HomeThe Refugio ValleyRails, Piers and Roads

Rails, Piers and Roads

Routes of travel across Refugio Valley emerged as generations of indigenous peoples walked between the Pinole watershed and the Carquinez strait.  Europeans used and expanded the routes into wider roads.  Today’s San Pablo Avenue traces one of the main routes; Willow Avenue traces the other route over the low saddle to the Rodeo Creek watershed. 

In 1878, the Northern Railway was constructed along the San Pablo Bay shoreline from today’s Emeryville to Martinez. It would be operated by the Southern Pacific as the western portion of the transcontinental. In 1898, construction of the San Francisco and San Joaquin Valley Railroad reached Hercules from Franklin Canyon; the line would be sold that year to the Atchison Topeka and Santa Fe Railway.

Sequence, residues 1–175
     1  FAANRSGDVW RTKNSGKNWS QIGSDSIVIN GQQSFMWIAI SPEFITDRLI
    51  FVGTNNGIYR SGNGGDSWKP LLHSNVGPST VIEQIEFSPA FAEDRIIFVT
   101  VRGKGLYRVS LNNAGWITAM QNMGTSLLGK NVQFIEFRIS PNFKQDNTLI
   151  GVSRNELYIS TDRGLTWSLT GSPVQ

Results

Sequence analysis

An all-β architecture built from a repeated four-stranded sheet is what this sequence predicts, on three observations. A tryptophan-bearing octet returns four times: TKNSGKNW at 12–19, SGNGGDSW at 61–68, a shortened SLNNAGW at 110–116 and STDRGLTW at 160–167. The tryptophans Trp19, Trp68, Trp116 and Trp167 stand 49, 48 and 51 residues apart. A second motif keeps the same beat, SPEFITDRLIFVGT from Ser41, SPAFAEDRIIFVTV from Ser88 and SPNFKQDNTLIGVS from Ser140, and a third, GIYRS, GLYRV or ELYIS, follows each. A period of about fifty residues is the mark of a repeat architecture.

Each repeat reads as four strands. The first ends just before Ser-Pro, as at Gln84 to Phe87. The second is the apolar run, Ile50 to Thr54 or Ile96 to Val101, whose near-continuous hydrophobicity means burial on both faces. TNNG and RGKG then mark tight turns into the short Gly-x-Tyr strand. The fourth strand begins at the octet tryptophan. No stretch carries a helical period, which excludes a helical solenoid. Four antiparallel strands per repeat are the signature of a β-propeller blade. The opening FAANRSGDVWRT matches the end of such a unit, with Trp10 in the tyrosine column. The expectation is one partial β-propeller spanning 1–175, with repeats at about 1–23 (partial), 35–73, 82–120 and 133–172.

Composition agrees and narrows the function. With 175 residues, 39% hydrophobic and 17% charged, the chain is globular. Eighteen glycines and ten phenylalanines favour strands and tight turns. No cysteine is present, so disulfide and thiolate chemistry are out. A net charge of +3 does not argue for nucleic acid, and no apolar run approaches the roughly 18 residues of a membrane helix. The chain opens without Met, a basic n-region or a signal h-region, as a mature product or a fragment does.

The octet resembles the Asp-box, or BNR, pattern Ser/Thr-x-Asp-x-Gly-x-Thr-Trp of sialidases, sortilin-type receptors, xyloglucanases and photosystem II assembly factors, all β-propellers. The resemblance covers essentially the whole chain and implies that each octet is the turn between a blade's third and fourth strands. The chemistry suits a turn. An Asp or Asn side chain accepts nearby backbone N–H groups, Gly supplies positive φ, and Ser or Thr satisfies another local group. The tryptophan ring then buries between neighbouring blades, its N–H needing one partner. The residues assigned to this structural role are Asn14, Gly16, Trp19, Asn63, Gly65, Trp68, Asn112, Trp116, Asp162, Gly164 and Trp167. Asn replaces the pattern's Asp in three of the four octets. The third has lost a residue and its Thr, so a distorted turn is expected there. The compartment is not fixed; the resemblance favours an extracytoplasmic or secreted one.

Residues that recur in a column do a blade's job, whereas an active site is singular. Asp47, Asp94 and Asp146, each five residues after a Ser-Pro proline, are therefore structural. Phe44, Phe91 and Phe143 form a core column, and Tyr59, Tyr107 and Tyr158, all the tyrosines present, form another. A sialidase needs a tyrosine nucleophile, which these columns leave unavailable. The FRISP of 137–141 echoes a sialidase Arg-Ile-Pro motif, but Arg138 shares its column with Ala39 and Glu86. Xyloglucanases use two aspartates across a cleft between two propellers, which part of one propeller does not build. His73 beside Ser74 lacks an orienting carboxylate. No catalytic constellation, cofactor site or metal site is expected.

Four marine wharves were constructed for freight transportation by the California Powder Works. A 1902 franchise was granted by Contra Costa County for one of the wharves used for acid shipments. 

From about 1905, a network of narrow-gauge rail lines covered all of the Refugio Valley, operated for internal movements of chemicals and products within the Hercules Works. 

San Pablo Avenue was designated US 40 in 1926. The limited-access Interstate 80 was constructed in 1959 along an entirely new, straight-line right-of-way. 


http://stacks.herculeshistory.org/Still Image/408 WH McBryde/408 12515 - 1905 May 5 - Sulphuric Acid Plant - Excavation.tif

Transportation was vital. Barges loaded dynamite at a wharf built a half-mile east of Hercules Station; another “Acid Wharf”, extending...